41. What was the ancient state of the population of the parish so far as it can now be traced?

42. What is now the amount of its population?

43. What may be the number of males?

44. Of females?

45. How many reside in towns?

46. How many in villages?

47. In the country?

48. What is the annual average of births?

49. What of deaths?

50. Of marriages?

51. Of souls under 10 years of age?

52. From 10 to 20?

53. From 20 to 50?

54. From 50 to 70?

55. From 70 to 100?

56. Above 100?

57. Are there any instances of long lives well authenticated?

58. What may be the number of farmers and their families?

59. Of manufacturers?

60. Of handycraftsmen?

61. Of apprentices?

62. Of seamen?

63. Of fishermen?

64. Of ferrymen?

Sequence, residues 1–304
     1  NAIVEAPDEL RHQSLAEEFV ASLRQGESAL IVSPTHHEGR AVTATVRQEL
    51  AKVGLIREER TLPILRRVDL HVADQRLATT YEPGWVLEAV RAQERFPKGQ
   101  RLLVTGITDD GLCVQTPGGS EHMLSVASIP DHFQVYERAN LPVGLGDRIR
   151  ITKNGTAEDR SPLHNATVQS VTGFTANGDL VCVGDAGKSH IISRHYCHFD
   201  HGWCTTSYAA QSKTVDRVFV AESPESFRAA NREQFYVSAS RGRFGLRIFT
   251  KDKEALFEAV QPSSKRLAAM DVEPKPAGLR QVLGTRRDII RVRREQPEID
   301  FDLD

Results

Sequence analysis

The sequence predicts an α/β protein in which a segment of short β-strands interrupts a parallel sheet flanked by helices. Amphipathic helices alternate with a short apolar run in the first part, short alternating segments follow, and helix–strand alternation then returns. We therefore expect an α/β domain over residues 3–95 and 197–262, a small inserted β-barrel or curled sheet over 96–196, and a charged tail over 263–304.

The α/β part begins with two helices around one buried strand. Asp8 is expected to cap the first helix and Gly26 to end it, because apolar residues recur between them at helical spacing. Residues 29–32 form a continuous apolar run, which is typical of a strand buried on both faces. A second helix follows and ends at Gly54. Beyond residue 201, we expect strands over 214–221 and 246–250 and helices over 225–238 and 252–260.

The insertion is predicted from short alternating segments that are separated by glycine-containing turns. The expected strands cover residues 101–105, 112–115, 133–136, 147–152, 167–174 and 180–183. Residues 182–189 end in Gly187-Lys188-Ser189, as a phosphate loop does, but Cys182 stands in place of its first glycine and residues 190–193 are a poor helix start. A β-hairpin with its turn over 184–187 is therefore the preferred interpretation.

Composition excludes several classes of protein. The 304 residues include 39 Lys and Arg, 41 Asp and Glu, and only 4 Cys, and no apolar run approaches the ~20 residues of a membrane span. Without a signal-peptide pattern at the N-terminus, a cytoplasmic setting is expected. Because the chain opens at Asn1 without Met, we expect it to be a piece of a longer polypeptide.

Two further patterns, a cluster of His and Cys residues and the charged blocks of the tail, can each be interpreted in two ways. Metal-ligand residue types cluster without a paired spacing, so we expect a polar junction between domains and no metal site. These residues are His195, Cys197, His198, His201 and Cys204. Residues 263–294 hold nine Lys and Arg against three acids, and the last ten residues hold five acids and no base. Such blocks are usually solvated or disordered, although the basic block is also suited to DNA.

65. Miners?

66. Of household servants, male and female?

67. Of labouring servants, male and female?

68. Students of colleges and universities?

69. Merchants, citizens, or tradesmen?

70. Artists?

71. Jews?

72. What is the number of negroes?

73. Gipsies?

74. Foreigners?

75. Persons born in England, Ireland, or the British Colonies?

76. Persons born in other districts or parishes in Scotland?

77. Of the nobility and their families?

78. Of the gentry?

79. Of the clergy?

80. Of lawyers and writers or attornies?

81. Of physicians, surgeons, apothecaries?

82. Of the Church of Scotland?

83. How many seceders?

84. Of Episcopalians?

85. Of Roman Catholics?

86. Is the population of the Parish materially different from what it was 5, 10, or 25 years ago, and to what causes is the alteration attributed?

87. What is the proportion between the annual births and the whole population?

88. What is the proportion between the annual marriages and the whole population?

89. Between the annual deaths and the whole population?

90. Between the batchelors and the married men?